You’re on the second storey balcony of a 70’s-style walk up and you have curly red hair, tied up in a haphazard, adorable bun. You’re wearing rolled up boyfriend jeans and a cute t-shirt and you’re at least 7 years younger than me.
“I’ll be right down,” you say, shielding the sun out of your eyes, “Wait there!“
I stand paralyzed in the grass in front of your apartment, gape-mouthed. I’d expected that you should have snakes pouring out of your head. I’d expected an absence of perkiness.
I feel the wrinkles on my forehead, my 36-year-old knee caps. I have chalk on my Mom-ish yoga pants, bags under my eyes.
You introduce yourself on the lawn, and rub my son’s head. You call him buddy and chatter about skiing and parades and new running shoes. I nod because you are so very different and I don’t know what I thought, but I expected someone dire, morose, hand-wringy. You are none of those things.
A few months later, you send me a text, and you would prefer it if I didn’t volunteer anymore at my son’s school on his Father’s days because you’d like the lines to be succinct between houses.
I see red.
I wonder who you are to dictate that.
My son talks about the show you took him to on the weekend, the mountains you climbed and so many times my fingers hover over my iphone text box. I want to ask you what kind of books you like and what makes you laugh the hardest and what are the funniest things my son said on Saturday? I want to know things, but I don’t want to know too much, and I have a friend who knows us both and I think about his words:
“You girls are very similar. You’d like each other if you could.”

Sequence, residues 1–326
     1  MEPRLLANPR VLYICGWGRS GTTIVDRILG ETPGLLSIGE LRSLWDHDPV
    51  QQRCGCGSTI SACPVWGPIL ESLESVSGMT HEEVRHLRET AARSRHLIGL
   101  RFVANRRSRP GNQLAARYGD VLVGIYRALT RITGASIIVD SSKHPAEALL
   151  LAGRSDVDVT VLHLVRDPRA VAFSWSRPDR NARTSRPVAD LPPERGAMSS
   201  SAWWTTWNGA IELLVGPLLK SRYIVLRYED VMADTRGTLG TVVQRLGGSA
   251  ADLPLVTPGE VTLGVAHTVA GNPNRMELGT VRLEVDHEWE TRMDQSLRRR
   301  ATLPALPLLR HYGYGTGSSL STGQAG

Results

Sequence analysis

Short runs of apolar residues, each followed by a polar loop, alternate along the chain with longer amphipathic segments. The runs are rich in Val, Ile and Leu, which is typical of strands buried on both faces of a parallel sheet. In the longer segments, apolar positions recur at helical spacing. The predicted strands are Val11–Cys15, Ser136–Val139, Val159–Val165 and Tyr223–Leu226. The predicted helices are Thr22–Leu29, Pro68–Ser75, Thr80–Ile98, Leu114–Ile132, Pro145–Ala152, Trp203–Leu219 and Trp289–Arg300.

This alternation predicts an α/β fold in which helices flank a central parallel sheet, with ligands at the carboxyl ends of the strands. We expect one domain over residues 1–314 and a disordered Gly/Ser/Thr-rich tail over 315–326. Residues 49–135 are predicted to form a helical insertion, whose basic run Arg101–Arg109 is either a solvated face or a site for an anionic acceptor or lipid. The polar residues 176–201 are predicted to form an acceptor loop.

Sometimes I compose, and always I delete, and many times I bite my lip and just wish for open dialogue. I want to know who you are, and then just as quickly, I don’t.
The text that comes from my oldest son’s father is short and to the point. After almost 4 years, you won’t be around anymore. I don’t know why. I can’t ask why. There’s still a seething wall of animosity and misunderstanding and the only logical words to him are “I don’t know what to say. I’m so sorry.”
To you I say nothing, because I don’t have the right.
I think of you in your navy blue pea coat, your buttoned-up emails and indignant precision. I don’t know what happened and I never will but for four years you were a significant part of the other half of the life of my son. I wonder a million different things: do you miss him, do you love him, do you still want to be a part of his life? I hit compose, and then refrain, because all I really know of you is your curly bun, your good intentions.
I want to write: “Do you miss him, do you love him, did he infiltrate your heart too? “
I suspect he did, and I suspect she did too, for him, and I hope they are both OK.